Saturday, December 12, 2009

Christianity makes little sense w/o fall or cross (note this, Darwinians)

First of all, I'm not sure that there is necessarily required a conflict between all flavors of Darwinism and all flavors of biblical Christianity. Even though I consider myself an Old Earth Creationist. But there are some Darwinians, such as Richard Dawkins, who take the implications of Darwinism as a disproof of Christianity.

But I just heard a podcasted lecture from the Royal Society about how poets in Darwin's age responded to Darwin. The narrator offered as a given that natural selection showed that whatever creator exists, it could not be both good and all-powerful. I have a few responses:

i) This is exactly the argument I've heard from some Young Earth Creationists, who never seem to tire in finding objections to biblical faith for the scientifically literate. If animals suffered before the advent of Adam, the YEC's say, therefore the bible has to be wrong about everything, including salvation. Because a good God wouldn't allow animals to suffer the way they appear to have since before humans arrived. In this view, the YEC's become the most extreme animal rights activists-- probably more than PETA-- but just this one issue this one time. Even PETA believes in the right of natural carnivores to eat their prey. Faced with such animal suffering, Old Earth Creationists would have few other recourses than to point to the specialness of humans in God's creation.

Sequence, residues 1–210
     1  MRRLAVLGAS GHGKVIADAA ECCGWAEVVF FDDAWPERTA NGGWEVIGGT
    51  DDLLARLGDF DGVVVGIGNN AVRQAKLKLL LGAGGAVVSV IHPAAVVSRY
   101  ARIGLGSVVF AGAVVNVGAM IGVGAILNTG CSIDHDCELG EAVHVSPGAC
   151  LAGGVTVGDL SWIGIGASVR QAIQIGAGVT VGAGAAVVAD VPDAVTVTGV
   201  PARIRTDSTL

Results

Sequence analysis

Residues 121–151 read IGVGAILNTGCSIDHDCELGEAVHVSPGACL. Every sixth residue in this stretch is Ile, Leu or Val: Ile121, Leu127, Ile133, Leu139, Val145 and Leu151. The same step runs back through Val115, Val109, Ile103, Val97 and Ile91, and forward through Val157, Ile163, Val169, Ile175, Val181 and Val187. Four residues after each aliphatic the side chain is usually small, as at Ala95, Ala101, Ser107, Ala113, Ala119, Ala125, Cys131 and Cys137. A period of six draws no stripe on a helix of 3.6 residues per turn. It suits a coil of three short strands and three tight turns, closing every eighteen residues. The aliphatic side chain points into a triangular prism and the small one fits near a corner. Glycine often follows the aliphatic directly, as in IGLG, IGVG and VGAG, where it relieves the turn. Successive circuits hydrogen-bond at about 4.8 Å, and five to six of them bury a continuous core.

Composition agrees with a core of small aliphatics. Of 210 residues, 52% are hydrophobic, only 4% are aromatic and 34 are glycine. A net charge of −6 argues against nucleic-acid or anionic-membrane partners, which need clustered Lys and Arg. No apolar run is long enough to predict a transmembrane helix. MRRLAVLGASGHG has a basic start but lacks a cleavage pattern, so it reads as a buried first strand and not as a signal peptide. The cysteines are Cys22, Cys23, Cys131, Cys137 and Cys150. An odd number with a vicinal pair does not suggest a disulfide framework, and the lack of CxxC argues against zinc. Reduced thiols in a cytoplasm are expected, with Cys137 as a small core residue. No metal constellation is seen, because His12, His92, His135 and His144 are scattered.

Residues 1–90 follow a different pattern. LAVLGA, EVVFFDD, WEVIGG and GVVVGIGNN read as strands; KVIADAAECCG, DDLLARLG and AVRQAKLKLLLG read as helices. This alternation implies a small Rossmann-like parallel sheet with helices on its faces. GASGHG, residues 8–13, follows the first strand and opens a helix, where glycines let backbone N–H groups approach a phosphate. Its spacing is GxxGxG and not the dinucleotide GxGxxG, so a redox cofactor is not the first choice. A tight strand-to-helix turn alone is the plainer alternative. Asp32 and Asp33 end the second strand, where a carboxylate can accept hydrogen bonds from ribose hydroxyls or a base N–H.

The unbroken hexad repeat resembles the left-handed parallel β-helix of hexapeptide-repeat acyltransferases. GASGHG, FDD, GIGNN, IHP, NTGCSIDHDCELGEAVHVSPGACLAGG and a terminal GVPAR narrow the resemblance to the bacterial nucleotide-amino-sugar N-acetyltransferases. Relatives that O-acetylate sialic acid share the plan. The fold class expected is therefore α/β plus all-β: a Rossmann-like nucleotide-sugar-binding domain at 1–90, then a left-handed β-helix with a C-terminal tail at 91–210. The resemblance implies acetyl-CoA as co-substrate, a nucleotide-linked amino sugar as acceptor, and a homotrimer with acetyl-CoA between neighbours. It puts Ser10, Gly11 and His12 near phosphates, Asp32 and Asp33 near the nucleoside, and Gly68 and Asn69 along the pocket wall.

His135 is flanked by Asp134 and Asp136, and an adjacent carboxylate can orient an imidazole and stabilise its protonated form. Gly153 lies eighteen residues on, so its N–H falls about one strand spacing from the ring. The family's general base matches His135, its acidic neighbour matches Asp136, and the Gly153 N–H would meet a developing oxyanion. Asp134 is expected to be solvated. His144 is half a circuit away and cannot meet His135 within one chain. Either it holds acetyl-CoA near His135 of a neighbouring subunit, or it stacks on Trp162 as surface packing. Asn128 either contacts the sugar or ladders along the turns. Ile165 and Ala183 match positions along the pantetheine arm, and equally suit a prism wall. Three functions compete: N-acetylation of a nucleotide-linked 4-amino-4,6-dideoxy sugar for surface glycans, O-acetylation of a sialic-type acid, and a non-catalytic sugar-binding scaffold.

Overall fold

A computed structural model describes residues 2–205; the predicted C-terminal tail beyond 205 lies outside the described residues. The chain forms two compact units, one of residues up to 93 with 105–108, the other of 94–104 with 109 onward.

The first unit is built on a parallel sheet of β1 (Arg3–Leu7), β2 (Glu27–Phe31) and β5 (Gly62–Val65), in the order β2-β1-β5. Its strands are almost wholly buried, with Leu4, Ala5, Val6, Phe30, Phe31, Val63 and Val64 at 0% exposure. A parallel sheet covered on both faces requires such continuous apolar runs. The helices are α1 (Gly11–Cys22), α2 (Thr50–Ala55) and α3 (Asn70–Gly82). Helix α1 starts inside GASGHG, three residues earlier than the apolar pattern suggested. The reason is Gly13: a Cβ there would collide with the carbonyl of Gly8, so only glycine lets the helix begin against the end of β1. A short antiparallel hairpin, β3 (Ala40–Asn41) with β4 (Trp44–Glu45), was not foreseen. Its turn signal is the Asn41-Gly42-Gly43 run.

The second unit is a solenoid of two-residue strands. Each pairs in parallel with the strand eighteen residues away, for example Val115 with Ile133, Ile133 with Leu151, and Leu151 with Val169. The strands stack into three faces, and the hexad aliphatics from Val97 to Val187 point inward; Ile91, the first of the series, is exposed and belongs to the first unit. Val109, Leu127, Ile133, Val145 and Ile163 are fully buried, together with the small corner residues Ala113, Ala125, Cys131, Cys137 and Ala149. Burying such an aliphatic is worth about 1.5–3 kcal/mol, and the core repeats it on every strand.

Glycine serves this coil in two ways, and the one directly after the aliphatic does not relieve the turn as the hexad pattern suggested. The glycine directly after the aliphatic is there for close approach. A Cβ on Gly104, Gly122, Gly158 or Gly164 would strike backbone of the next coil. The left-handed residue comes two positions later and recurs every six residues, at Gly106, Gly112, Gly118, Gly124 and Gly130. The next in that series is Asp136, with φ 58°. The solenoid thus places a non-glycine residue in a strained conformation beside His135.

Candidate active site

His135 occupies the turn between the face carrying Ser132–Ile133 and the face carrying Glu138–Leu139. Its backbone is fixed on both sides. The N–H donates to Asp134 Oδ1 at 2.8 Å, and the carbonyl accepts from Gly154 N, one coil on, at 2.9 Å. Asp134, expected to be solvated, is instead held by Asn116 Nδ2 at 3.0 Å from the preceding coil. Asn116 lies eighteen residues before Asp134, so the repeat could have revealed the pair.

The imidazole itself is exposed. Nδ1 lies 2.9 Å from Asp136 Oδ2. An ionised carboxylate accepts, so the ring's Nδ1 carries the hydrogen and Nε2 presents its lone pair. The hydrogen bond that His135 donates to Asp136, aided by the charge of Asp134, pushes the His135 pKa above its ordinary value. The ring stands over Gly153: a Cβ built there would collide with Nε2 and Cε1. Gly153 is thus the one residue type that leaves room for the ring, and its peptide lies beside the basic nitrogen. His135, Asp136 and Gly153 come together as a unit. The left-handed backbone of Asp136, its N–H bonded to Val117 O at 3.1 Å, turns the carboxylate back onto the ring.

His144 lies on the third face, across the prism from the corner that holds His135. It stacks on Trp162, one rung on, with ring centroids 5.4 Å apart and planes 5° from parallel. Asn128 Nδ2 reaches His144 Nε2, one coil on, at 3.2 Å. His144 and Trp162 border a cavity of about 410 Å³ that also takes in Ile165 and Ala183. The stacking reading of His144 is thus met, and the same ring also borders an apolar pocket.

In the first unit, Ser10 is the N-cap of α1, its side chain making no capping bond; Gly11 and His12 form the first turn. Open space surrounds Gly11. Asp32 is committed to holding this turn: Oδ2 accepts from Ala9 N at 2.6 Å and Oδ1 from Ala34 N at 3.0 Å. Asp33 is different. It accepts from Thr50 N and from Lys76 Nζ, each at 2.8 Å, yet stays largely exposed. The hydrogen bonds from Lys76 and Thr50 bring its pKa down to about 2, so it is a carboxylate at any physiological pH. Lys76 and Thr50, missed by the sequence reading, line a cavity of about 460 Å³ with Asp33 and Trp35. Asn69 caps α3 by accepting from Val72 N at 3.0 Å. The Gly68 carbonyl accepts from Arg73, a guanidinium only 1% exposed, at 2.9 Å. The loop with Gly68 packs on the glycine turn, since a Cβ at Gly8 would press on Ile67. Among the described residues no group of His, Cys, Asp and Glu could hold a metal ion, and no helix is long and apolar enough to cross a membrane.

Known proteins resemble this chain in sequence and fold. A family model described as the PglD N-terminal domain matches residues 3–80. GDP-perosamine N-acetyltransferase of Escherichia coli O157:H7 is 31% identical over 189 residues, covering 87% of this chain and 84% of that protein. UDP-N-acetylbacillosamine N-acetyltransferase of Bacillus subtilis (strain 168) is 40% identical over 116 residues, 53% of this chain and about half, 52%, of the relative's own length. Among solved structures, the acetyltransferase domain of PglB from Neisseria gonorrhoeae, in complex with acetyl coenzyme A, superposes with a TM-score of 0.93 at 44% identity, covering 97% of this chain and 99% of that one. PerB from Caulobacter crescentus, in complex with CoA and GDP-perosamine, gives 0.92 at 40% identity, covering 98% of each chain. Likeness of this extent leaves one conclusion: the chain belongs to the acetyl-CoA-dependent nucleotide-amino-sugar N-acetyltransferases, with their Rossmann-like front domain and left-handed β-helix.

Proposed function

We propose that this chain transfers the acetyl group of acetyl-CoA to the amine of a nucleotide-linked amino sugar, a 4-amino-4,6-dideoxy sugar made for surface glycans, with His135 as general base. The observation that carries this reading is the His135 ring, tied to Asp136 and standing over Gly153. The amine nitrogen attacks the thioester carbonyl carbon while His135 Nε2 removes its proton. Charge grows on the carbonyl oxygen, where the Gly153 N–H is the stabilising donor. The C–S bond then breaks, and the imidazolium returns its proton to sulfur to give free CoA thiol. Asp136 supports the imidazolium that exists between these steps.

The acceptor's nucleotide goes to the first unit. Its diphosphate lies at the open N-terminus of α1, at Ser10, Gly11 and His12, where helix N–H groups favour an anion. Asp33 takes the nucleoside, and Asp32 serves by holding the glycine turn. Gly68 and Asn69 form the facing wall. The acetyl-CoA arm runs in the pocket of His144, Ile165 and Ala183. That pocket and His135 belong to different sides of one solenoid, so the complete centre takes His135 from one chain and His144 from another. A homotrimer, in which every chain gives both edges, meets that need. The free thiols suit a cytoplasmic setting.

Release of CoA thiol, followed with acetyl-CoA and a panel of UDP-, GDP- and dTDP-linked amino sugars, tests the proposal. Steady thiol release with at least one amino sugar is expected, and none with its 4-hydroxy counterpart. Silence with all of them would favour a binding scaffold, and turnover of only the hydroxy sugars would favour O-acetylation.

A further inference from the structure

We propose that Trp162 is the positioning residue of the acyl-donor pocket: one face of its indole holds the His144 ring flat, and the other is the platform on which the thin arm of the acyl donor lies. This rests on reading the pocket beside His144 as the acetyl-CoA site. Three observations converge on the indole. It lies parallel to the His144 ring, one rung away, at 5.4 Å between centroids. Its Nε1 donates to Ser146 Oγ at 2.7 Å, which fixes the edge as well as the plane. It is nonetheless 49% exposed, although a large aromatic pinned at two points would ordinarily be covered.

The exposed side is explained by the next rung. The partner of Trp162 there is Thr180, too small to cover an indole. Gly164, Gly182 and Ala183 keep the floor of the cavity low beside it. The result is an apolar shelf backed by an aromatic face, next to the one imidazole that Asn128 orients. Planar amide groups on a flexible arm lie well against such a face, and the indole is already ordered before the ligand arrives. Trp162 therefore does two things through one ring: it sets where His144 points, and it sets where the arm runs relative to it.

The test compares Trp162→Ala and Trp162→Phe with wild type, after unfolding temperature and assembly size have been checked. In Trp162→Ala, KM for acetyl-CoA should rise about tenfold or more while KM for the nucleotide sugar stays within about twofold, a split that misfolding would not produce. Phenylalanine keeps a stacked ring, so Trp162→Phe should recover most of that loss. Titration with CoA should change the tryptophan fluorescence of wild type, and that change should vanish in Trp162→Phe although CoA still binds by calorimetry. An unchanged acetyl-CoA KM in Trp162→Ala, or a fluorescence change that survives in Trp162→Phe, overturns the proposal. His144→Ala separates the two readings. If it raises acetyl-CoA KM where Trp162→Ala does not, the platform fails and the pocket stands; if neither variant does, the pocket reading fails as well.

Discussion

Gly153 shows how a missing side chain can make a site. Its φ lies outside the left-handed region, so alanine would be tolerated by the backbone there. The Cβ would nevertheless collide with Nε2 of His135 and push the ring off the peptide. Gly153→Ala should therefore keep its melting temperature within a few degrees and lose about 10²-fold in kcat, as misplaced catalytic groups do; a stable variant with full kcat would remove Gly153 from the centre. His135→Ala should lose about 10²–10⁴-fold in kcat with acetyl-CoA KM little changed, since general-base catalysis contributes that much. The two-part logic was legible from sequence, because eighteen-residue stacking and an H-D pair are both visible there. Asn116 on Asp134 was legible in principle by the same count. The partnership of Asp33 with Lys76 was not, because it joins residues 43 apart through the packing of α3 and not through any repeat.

ii) The historian gave a critique of Christianity without any mention of the Fall or the cross or resurrection. I, too, will agree that Christianity is completely philosophically absurd without a cross. It's like a bus without wheels.

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